Faculty Consultant, Duke Service-Learning; Assistant Professor of the Practice, Program in Education
A primary focus of Amy’s work with Service-Learning is the development of an evaluation and assessment plan to measure the impact of service-learning on various constituents in the university community. As a professor in the Program in Education, Amy teaches service-learning courses in Foundations of Education and Critical Studies in Education. Amy’s research interests include service-learning, the assessment of service-learning outcomes, social foundations of education, curriculum theory, and feminist theory.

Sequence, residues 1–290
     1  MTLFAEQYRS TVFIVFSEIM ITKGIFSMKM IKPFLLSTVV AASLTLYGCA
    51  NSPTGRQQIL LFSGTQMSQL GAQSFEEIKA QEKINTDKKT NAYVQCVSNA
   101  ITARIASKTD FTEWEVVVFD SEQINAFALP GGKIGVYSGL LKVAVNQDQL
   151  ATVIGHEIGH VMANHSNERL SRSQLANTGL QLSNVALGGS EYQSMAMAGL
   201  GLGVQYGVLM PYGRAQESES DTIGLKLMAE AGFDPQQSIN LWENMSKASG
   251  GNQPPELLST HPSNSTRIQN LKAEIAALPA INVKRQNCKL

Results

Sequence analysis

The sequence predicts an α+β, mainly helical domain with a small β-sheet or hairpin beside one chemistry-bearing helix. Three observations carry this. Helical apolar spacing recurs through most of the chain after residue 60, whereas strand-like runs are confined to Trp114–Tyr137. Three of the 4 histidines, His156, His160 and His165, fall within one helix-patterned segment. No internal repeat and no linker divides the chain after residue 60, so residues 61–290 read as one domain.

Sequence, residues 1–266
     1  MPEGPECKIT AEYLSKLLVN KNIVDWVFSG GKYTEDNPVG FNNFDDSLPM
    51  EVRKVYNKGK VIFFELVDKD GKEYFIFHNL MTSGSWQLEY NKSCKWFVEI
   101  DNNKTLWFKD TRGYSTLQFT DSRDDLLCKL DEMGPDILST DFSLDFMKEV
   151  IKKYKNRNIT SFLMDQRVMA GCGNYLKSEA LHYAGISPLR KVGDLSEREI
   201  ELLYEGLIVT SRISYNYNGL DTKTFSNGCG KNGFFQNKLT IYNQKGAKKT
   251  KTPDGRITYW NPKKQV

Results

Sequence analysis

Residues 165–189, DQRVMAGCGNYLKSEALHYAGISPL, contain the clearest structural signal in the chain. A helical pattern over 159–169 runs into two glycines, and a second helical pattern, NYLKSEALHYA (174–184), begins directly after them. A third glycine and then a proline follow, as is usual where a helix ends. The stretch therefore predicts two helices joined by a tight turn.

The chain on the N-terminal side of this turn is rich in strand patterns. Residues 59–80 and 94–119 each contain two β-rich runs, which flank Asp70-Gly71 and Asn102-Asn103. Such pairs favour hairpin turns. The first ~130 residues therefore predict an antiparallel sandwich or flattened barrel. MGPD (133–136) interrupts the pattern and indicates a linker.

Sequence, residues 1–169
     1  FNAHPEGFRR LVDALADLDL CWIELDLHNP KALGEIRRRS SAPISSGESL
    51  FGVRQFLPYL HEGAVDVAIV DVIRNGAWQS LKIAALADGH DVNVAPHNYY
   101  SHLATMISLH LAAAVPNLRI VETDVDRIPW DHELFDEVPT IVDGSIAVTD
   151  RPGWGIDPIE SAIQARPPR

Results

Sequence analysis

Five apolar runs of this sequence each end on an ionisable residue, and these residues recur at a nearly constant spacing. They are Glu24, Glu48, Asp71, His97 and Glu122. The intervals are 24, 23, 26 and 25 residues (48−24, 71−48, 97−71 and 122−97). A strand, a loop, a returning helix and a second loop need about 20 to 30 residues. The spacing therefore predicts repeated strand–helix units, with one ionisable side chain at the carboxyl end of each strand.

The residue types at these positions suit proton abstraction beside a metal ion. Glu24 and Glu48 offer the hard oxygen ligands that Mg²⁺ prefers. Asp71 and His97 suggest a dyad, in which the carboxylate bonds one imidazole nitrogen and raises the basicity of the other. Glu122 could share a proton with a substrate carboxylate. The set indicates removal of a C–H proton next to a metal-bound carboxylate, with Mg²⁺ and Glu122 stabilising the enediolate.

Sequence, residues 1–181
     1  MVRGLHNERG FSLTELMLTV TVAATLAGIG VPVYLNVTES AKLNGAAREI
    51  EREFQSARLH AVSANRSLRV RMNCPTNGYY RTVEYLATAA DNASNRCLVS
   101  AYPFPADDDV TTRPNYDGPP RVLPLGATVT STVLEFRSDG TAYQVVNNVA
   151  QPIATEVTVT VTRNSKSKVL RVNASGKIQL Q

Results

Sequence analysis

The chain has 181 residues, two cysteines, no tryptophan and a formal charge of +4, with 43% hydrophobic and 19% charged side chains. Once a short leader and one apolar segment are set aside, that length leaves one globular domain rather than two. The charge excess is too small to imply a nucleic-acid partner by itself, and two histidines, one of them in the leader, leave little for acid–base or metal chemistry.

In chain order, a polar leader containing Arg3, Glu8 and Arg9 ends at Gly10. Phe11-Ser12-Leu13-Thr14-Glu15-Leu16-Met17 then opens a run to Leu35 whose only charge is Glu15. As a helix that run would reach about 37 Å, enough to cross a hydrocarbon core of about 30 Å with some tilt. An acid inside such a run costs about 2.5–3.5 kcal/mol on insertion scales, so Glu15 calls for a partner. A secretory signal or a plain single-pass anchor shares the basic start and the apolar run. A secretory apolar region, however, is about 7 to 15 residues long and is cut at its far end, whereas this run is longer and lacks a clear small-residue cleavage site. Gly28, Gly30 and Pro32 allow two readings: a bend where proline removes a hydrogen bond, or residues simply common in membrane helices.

Anderson, A., and C. Marshall. “Doing collaborative research.” Teaching/Learning Social Justice, edited by Catherine Marshall and Amy Anderson, Routledge, 2009.
Marshall, C., and A. Anderson. “Is it possible to be an activist educator?.” Educator Activists: Breaking Past Limits, edited by Catherine Marshall and Amy Anderson, Routledge, 2009.
Anderson, A. “Is there choice in educator activism?.” Educator Activists: Breaking Past Limits, edited by Catherine Marshall and Amy Anderson, Routledge, 2009.
Grumet, M., et al. “Finding form for curriculum research.” The Methodological Dilemma: Creative, Critical and Collaborative Approaches to Qualitative Research, edited by Kathleen Gallagher, Routledge, 2008.
Hatt, B. A., et al. “Coffee talk: Negotiating the hidden curriculum of graduate school.” Journal of Curriculum Theorizing, vol. 25, no. 1, 2009, pp. 60–67.
Rogers, D. L., et al. ““It’s about the kids:” Transforming teacher-student relationships through action research.” Clearing House: A Journal of Educational Strategies, Issues and Ideas, vol. 80, no. 5, June 2007, pp. 217–21.